China watchers hoped China’s latest five-year plan, the policy document dictating the country’s near-term economic strategy, would contain new details on how the country plans to hit peak greenhouse gas emissions by 2030, and maybe even move that date ahead a few years.
But the plan, released on March 5, failed to deliver. The world’s top greenhouse gas emitter announced no new targets beyond what officials already committed to over the last year. Although the plan calls for a “major push” on clean energy development, the vague commitment all but guarantees emissions will continue to increase until 2030, when officials have promised they will peak.
“It’s simply aggregating existing targets from last year,” said Fan Dai, director of the California-China Climate Institute at the University of California, Berkeley. “There’s a lot of room for further development and ambition, especially around those targets that were missing that we hoped would be included.”
The plan calls for CO2 emissions per unit of GDP to decrease 18% by 2025, on par with progress over the last five years. It also calls for 20% of all energy to come from non-fossil sources by 2025, another continuation of past trends. The missed opportunities, Dai said, include specifying a cap for greenhouse gas emissions and coal consumption, moving up the date of peak emissions to 2025, and outlining a specific decarbonization plan for the power sector.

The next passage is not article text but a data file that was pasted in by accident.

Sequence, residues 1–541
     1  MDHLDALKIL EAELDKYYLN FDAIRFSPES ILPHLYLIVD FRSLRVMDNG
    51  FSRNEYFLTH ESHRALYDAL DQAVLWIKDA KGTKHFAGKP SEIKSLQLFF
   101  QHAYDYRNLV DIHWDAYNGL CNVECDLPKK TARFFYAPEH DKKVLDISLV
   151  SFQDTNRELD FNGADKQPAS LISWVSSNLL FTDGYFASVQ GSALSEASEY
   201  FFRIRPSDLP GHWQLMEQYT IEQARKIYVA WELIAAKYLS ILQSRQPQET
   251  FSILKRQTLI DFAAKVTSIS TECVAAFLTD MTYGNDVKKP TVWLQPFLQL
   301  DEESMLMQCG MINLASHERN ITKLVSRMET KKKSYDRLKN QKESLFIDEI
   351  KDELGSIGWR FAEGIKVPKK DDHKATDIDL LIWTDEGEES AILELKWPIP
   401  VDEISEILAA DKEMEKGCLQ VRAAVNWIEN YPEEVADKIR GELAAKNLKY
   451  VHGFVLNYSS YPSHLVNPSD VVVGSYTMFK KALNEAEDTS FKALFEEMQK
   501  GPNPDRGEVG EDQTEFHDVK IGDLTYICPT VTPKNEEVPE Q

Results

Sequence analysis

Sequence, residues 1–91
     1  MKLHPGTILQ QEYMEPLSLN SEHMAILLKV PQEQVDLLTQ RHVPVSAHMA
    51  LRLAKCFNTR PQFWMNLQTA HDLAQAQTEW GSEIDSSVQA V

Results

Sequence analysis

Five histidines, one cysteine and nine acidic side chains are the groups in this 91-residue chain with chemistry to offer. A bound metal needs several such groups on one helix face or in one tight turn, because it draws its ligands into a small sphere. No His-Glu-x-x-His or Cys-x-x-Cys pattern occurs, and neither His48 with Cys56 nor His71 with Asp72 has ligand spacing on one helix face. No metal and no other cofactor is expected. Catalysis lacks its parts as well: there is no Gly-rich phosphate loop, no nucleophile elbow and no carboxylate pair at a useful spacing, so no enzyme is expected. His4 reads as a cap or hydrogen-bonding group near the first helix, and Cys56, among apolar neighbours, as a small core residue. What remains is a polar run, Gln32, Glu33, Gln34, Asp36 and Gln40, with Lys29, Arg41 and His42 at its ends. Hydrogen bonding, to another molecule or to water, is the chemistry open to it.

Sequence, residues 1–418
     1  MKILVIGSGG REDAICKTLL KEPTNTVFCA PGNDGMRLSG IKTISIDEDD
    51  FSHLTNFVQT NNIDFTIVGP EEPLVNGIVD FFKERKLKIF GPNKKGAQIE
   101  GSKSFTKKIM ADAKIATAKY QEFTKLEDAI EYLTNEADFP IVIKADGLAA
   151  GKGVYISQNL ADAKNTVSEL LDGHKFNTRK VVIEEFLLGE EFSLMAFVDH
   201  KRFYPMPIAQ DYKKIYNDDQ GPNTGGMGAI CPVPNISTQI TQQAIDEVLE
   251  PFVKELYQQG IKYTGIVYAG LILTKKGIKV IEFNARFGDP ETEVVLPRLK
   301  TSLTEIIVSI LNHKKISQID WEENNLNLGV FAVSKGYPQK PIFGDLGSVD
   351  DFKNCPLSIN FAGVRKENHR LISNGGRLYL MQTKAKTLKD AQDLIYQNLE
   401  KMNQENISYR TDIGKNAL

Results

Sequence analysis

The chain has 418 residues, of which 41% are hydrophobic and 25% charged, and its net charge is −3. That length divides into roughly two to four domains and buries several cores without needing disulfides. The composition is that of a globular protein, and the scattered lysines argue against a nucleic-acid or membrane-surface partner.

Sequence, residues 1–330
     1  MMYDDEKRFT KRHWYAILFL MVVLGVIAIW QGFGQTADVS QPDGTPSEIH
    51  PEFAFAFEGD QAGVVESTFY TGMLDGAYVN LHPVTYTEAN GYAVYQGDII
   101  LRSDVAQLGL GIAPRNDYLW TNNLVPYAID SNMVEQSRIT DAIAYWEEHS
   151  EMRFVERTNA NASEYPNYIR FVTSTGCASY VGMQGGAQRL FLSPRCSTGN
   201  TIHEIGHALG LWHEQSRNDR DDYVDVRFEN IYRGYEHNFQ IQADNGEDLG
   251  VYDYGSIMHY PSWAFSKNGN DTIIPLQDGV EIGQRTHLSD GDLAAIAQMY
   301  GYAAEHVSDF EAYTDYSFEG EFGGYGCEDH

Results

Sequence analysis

Overall, the plan puts the country on track to meet its 2030 peak emissions target and its goal to reach net-zero emissions by 2060, Dai said. But those goals are still “highly insufficient” to meet the global warming limit enshrined in the Paris Agreement, according to Carbon Action Tracker, a research group. Especially as the country pushes for a construction-heavy economic recovery from the pandemic, the hardest choices to accelerate decarbonization are being pushed to future plans, Dai said.
The plan does include one important new detail: A target for nuclear power capacity to reach 70 gigawatts by 2025, from 52 gigawatts today. That’s much more nuclear than is currently under development, according to the Center for Research on Energy and Clean Air, a signal that leader Xi Jinping is serious about pushing China to become a leading nuclear energy superpower.
There’s still time for China to avert climate catastrophe: By December, more detailed regional and sector-specific five-year plans are due, as well as a new statement of commitments under the Paris Agreement. Those will also send a signal to the US, EU, India, and other major emitters about where China sees the bar for global climate action, Dai said: “There needs to be a lot more effort on the table than what we’re seeing in the Five-Year Plan so far.”